LaRose was able to boost almost every line he was placed on, and one of the most successful combinations was him and Eric Staal. Chances at even strength were going in the Hurricanes’ favor when those two played together and the only forward that LaRose struggled with was Brandon Sutter. The latter probably suggests that LaRose has defensive issues.
So how did LaRose have only 32 points despite being able to create scoring chances with other players in the top-six? That provides a nice transition into the next section…
One thing that’s noticeable over LaRose’s entire career is that he has never been that great of a finisher or playmaker. His shooting percentage of 9.5% was his highest in three years and the team shot at only 6.5% at even strength when he was on the ice. Usually, when a player has a poor on-ice shooting percentage, bad luck is attributed to their problems but if you look at LaRose’s career numbers, you’ll see that this has been going for three of the last five years. LaRose can’t control how accurately his linemates shoot the puck, but LaRose’s career average shooting percentage is only 8.4%. Given his skillset, it is fair to say that LaRose isn’t that good of a finisher and that is why a lot of his chances don’t turn into goals. He would certainly be a legitimate top-six option if he had more of a scoring touch because he does a lot of other things right.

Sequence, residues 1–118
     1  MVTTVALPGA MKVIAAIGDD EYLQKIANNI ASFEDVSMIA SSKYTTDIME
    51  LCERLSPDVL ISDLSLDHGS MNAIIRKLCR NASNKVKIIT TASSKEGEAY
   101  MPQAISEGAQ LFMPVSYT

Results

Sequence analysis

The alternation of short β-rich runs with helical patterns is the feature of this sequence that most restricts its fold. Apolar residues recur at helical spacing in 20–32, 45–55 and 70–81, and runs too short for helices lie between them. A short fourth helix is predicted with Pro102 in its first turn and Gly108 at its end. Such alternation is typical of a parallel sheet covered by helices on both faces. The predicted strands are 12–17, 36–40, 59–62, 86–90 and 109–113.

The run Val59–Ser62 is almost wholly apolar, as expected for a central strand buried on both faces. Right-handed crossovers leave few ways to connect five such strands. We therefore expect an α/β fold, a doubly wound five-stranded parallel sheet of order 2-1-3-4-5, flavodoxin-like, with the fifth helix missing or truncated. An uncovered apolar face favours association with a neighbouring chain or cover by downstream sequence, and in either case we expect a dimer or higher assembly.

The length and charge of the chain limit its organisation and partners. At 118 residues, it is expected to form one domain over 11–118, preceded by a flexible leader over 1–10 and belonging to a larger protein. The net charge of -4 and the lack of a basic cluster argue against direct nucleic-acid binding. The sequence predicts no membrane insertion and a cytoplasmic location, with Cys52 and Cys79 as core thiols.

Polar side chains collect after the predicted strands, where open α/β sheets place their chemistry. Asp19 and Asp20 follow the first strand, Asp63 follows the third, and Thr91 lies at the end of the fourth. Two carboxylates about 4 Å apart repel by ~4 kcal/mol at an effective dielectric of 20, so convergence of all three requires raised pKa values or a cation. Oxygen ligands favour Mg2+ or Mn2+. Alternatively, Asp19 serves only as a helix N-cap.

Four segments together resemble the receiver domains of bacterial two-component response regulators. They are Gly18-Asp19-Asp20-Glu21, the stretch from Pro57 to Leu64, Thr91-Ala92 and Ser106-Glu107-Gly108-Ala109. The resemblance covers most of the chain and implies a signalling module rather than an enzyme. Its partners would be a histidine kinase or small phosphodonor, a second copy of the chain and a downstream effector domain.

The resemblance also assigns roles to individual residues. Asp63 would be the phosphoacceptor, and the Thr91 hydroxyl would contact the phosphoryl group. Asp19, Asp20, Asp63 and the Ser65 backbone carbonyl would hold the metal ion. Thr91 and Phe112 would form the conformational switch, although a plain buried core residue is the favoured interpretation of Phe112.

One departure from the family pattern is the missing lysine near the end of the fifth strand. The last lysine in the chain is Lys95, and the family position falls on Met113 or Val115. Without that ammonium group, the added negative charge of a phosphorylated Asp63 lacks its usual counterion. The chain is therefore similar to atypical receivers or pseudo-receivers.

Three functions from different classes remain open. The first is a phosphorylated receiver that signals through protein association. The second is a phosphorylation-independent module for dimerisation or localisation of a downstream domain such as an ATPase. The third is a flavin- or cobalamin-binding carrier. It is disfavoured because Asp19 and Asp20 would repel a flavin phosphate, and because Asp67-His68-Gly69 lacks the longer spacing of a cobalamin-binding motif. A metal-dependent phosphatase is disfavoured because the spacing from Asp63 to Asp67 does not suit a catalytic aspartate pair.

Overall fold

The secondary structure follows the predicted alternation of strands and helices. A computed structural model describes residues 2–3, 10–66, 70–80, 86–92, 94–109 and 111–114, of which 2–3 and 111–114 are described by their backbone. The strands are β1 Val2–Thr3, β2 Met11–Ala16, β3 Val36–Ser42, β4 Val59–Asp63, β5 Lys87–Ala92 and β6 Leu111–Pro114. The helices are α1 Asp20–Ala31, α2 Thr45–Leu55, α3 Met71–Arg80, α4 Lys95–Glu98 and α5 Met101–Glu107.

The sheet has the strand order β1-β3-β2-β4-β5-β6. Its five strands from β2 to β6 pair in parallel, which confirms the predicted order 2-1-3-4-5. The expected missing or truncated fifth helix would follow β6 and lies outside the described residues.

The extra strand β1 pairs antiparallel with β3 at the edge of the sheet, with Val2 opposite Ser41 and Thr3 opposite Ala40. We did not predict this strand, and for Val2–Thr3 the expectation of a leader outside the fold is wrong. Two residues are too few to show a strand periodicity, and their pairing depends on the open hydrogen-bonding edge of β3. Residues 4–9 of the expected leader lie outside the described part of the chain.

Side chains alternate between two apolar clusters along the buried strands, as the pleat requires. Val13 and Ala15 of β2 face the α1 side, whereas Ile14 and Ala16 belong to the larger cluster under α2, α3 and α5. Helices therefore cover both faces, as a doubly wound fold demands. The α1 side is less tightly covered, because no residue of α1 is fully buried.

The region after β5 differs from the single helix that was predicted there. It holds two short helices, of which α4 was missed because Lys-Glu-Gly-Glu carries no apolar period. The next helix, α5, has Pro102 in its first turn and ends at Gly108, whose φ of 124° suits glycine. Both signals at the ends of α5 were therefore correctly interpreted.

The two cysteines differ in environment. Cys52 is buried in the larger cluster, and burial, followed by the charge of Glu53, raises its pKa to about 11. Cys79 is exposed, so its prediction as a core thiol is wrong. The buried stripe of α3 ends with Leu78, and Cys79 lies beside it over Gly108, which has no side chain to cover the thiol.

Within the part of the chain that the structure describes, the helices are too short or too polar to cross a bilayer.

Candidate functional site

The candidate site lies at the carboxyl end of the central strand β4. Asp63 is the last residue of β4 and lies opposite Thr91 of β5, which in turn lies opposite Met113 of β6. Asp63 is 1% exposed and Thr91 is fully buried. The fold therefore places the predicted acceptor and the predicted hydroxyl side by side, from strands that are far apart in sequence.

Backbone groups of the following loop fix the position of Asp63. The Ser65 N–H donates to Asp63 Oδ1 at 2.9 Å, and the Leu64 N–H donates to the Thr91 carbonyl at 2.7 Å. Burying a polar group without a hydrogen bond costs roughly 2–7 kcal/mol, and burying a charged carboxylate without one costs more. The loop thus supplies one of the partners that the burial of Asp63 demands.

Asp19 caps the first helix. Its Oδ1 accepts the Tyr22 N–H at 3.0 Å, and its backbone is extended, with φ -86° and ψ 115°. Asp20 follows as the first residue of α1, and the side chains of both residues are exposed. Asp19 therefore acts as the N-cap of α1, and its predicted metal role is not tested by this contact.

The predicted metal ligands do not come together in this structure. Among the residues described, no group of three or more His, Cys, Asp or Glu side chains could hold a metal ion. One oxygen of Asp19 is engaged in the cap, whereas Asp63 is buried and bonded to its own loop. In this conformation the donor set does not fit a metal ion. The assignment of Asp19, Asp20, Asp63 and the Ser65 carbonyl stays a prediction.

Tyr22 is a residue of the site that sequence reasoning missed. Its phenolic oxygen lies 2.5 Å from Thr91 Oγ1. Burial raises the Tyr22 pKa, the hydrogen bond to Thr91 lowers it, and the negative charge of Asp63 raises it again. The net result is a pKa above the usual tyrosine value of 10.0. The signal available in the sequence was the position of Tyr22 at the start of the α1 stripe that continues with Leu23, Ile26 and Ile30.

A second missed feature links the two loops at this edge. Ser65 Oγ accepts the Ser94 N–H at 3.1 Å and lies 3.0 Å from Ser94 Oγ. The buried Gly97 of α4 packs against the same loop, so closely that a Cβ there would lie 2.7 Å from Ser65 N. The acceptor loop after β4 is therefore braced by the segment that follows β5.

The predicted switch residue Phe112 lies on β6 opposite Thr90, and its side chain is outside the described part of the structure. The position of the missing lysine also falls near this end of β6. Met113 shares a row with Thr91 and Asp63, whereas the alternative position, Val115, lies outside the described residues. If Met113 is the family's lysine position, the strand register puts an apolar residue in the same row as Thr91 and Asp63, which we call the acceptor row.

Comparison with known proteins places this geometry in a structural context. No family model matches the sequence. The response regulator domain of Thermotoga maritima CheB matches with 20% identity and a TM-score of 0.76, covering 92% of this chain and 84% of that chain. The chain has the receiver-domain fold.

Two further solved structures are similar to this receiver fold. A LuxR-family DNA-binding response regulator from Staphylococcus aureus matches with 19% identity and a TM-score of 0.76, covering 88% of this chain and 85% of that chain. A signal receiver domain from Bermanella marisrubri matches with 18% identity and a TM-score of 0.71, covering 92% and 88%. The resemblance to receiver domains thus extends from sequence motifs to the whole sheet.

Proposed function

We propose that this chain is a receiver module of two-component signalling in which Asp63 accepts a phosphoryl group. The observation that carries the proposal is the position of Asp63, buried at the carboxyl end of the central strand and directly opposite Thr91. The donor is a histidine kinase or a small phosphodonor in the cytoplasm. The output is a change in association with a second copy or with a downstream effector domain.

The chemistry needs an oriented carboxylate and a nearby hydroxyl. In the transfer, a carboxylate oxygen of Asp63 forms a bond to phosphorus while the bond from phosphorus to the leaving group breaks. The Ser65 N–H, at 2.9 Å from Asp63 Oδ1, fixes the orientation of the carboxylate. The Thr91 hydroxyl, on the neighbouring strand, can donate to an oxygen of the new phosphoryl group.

The area where LaRose did get unlucky was with the amount of goals he was on ice for. His -15 was the third worst on the team and he was on ice for 47 goals against during five-on-five play alone. He was also on ice for more than 3 goals against at even strength compared to only 2.15 Carolina goals. LaRose’s scoring chance numbers on the Sutter line show that he has defensive issues but the Carolina goalies stopping only 90.5% of the five-on-five shots they faced wasn’t his fault. With that being said, LaRose has shown a habit of getting caught in no-man’s land in the defensive zone and it would lead to the opposing team scoring, so he was definitely to blame for some of the goals against he was on ice for.